Germany conference: Qualms over press freedom in South Asia

Journalists express concern over difficulty of working in South Asia.

Zahid Gishkori August 19, 2012


At a time when freedom of expression appears to be in jeopardy in South Asia, a gathering of German media men was shocked to learn that atleast six of the 33 journalists killed worldwide this year lost their lives in Pakistan. 

Quite unsurprisingly, Pakistan ranks 151 from amongst 179 countries in the World Press Freedom Index’s sample – formulated by Reporters Without Borders (RWB), an organisation operating in around 200 countries.

Seven journaists were killed in Somalia, which stood at 164th in the rankings, while Syria (176th) and Mexico (149th) reported five journalists dead.

Over 165 journalists were put in jails this year, said head of the German section of RWB Matthias Spielkamp, while briefing a group of journalists attending the International Institute of Journalism Summer Academy 2012.

During the briefing, journalists recalled the 2009 episode when American reporter Matthew Rosenberg was accused of being a CIA and Blackwater spy, while having ties with Israeli intelligence in Pakistan, and consequently faced security threats. Wall Street Journal reporter Daniel Pearl, who was kidnapped and killed, was also seen to suffer similar charges in Pakistan.

Spielkamp said that it was worrisome that journalists were falsely accused of being spies in South Asia, particularly in Pakistan, India and Afghanistan. He added that the challenges faced by journalists were largely because of a lack of free press. He said that the RWB tries to protect journalists and ensure their safety wherever they report from.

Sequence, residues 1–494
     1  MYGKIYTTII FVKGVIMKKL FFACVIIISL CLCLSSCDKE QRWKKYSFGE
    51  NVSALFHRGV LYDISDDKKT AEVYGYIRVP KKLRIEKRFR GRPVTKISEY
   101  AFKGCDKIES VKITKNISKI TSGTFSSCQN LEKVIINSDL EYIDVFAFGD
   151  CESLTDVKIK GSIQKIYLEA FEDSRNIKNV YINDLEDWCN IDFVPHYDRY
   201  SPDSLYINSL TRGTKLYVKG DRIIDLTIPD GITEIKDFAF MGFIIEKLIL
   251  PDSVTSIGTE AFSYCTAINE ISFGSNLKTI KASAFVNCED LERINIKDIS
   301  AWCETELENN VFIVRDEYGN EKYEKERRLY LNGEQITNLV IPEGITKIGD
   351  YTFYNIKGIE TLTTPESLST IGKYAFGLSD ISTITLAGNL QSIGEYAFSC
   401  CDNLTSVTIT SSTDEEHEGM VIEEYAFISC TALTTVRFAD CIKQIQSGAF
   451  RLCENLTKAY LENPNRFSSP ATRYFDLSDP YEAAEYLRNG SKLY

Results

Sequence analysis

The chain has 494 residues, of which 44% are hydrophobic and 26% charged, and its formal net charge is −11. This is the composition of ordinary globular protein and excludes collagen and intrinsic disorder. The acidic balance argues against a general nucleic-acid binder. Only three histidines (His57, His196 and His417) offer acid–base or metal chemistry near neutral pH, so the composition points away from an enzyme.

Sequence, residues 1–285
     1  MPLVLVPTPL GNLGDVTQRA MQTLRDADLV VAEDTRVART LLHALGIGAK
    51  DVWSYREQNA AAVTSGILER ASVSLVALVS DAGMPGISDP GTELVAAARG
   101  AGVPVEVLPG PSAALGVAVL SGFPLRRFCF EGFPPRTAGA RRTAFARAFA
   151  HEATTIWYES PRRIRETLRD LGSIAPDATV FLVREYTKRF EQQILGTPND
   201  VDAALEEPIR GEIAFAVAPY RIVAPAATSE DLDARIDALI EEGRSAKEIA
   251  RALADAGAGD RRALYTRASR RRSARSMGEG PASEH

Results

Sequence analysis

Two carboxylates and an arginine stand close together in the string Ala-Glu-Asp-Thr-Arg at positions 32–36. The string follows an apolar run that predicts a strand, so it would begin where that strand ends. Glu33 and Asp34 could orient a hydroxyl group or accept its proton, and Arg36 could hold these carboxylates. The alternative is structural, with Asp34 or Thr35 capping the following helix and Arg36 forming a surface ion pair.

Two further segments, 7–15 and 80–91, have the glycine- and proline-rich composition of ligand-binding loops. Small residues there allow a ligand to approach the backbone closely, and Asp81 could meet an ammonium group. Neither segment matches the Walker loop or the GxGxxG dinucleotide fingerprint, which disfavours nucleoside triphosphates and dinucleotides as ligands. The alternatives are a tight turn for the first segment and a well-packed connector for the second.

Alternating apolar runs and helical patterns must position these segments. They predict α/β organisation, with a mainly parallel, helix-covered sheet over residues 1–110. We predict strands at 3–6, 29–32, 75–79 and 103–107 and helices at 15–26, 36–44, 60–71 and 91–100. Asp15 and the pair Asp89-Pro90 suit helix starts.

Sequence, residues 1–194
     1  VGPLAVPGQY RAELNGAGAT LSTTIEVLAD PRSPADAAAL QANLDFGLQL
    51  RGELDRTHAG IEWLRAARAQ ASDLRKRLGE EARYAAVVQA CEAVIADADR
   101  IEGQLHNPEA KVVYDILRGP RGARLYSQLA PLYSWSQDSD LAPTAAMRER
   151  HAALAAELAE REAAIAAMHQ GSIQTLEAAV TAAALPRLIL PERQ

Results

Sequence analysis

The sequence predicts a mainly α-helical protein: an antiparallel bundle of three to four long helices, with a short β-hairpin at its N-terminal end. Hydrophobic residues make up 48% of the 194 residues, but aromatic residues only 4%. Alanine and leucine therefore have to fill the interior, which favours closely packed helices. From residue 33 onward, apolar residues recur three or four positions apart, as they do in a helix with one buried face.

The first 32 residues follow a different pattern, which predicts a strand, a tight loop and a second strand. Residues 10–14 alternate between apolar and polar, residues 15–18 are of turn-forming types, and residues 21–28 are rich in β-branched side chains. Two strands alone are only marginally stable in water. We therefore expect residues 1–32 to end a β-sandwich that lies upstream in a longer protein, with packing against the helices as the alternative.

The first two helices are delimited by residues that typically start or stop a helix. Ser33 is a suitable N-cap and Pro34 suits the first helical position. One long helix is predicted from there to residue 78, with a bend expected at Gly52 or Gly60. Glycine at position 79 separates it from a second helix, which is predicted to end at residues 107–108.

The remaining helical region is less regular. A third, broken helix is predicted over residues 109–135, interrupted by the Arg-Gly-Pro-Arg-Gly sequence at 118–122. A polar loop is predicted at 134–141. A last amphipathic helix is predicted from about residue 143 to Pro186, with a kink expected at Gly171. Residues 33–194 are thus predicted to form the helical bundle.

Being a South Asian journalist, Waheed Ahmed Jalalzada from Afghanistan felt that the worsening law and order situation has put lives of journalists in danger. Unfortunately, the same situation exists in the bordering areas of Pakistan.

Indian reporters face a similar problem. Various separatist groups in Northeast India, particularly in Assam, have created a lot of trouble by forcing journalists to become their mouth piece.

Meha Mathur, an Indian consultant for the Indo-Asian News Service, said she was surprised at the low rank for India (131). “Admittedly, journalists working at grass-roots levels do face considerable risks, but even then, I think our country still enjoys freedom to voice opinion,” she said.

Press freedom is in danger not only near the Afghan border but also in Balochistan, observed the German media men, while recalling the tragic incident involving BBC correspondent Ayub Tareen, in which he was forced to leave Quetta by banned organisation Balochistan Liberation Front.

At this point, the journalists at the meeting questioned if there were any international laws which guaranteed them protection. Article 79(1) of Additional Protocol I of the Third Geneva Convention allows journalists the same protection as other civilians.

Published in The Express Tribune, August 19th, 2012.